"With the way I'm playing now I feel comfortable being at the bigger tournaments," she said. "Just not having to go through the qualifying rounds gives you confidence. You're a part of the main event. Being at the big tournaments and being able to practise with some of the higher-ranked girls helps to show you where you're at. You challenge yourself in different ways. It opens your eyes. The level is higher and you're always striving to improve. It's more intense.

"It's the intensity of the top players that strikes you most, the way they maintain a high level day in and day out. I can get to a certain level myself,but doing that match after match is tiring, physically and mentally. Pushing yourself every day seems to be automatic for the top girls, and that's why they're where they are and what I'm trying to work towards.

"I want to be more consistent, to challenge myself in different areas. I've done that, but there's still a lot of room for improvement. I'm a long way from where I want to be."

Keothavong believes that working with Dr Richard De Souza, a GP in Kent with an interest in sports psych-ology, has strengthened her mentally."It's one of the things that's helped get me to where I am at the moment," she said. "I've been working on my forehand and my serve, but those are things that you never stop working on. What I've done more work on is the mental side of my game, building up more belief and confidence in my tennis. I've still got to learn how to handle the big moments better, but that will come the more I put myself in that situation."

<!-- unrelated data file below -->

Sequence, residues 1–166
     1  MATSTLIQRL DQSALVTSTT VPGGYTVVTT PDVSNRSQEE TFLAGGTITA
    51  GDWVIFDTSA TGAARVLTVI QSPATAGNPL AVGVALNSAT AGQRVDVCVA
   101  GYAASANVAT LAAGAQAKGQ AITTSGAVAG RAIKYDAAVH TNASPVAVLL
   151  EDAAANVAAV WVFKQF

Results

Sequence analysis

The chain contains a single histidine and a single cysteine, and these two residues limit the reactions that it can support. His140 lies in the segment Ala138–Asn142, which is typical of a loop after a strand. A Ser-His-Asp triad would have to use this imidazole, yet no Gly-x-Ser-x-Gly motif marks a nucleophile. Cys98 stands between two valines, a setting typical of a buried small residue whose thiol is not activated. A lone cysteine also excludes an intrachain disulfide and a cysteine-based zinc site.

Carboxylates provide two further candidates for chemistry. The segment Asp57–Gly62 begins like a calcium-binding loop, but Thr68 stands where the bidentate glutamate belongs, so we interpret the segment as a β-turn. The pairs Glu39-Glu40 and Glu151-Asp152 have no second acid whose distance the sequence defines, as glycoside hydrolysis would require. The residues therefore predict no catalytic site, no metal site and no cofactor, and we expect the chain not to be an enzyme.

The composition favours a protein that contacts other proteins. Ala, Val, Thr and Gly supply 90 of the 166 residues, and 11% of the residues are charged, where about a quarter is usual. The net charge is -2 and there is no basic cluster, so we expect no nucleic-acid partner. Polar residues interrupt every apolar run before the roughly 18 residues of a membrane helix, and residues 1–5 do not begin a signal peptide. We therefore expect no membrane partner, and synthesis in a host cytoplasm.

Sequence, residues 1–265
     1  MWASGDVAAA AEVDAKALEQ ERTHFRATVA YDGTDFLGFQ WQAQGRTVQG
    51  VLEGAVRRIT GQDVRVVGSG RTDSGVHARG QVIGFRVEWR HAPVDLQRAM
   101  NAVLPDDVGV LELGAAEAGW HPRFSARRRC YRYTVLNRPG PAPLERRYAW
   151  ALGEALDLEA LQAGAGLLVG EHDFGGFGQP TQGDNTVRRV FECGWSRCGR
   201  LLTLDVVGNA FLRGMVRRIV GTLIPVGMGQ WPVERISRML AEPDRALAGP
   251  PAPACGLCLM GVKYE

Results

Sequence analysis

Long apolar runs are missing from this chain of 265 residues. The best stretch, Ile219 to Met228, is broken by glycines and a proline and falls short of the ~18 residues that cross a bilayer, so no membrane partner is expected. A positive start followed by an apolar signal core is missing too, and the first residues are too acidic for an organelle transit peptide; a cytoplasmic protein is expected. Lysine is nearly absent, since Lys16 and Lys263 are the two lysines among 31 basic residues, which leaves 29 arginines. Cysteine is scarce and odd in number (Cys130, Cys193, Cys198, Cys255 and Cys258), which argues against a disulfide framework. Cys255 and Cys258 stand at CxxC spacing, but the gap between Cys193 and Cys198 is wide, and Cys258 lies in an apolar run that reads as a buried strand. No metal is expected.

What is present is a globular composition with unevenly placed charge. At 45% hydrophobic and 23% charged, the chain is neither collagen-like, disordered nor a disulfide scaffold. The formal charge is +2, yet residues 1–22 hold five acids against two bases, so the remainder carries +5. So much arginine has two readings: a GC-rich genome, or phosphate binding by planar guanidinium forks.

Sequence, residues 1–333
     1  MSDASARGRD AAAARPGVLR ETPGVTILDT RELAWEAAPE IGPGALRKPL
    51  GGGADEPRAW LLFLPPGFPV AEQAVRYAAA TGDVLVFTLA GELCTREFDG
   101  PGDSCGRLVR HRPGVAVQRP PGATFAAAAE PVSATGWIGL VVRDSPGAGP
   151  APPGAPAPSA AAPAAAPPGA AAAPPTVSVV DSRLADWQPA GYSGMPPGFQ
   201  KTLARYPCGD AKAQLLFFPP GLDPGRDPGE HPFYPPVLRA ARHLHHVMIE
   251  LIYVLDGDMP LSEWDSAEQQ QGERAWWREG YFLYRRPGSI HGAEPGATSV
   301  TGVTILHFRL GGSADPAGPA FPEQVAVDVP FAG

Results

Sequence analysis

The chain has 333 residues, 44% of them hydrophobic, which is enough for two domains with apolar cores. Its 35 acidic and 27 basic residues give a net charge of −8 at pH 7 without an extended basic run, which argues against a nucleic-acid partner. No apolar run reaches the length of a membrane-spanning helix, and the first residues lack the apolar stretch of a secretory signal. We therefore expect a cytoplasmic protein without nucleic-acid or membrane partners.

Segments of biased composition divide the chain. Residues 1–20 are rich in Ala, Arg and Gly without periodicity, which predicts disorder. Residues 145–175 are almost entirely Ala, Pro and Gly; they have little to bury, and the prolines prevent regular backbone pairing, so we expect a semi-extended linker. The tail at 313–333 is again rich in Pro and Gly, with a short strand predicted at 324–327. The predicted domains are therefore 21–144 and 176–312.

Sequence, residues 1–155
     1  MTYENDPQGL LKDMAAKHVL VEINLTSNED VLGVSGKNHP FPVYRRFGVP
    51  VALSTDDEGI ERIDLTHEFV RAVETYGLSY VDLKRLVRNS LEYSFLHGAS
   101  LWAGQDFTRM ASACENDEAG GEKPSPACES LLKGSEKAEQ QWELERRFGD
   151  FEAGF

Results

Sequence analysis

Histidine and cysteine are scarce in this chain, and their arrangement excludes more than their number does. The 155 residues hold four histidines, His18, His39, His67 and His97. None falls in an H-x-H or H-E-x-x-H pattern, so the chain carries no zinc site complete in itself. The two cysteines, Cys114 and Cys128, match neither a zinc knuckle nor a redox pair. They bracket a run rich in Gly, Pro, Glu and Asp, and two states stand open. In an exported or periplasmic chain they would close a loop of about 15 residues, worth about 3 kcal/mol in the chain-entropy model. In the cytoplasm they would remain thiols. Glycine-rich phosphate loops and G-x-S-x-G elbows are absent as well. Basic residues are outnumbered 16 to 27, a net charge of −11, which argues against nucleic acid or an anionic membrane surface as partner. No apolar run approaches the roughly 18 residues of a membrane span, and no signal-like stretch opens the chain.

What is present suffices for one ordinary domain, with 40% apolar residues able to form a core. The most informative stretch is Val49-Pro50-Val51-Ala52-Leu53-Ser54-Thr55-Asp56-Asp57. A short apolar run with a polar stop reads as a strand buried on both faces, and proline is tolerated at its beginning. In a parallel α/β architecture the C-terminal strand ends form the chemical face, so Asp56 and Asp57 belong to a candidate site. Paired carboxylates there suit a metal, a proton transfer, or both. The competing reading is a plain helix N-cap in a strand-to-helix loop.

The match against Dementieva in New York last summer was a case in point. "I went out there and tried to do too much. I ended up being way too erratic. I really believe the more opportunities I have to play against these players and to practise against them the better feel I will have of the level and won't try too hard. Sometimes you can want something too much and you just try too much. That was the case in Auckland last week, when I lost my semi-final. When you try too hard your body tightens up. You just have to find a way to control your emotions."

Keothavong agrees that in the past she could be intimidated by some big-name opponents. "I used to put the top girls on a pedestal and think the gap between them and myself was so big that I would question whether it was possible for me to beat them. I was doubting my own tennis when I shouldn't have. I'm more than capable of keeping up with those girls, both physically and technically. It's just about being mentally stronger and having that belief. Those top girls have it. Serena and Venus Williams don't ever talk about being a bad player. They big themselves up the whole time."

If Britain's female tennis players had a collective inferiority complex until recently, that has all changed in the last year. Their progress has been emphasised here in Melbourne with four Britons in the main draw, the most at any Grand Slam tournament outside Wimbledon since Jo Durie, Sara Smith, Sara Gomer, Monique Javer and Clare Wood played at the Australian Open 17 years ago.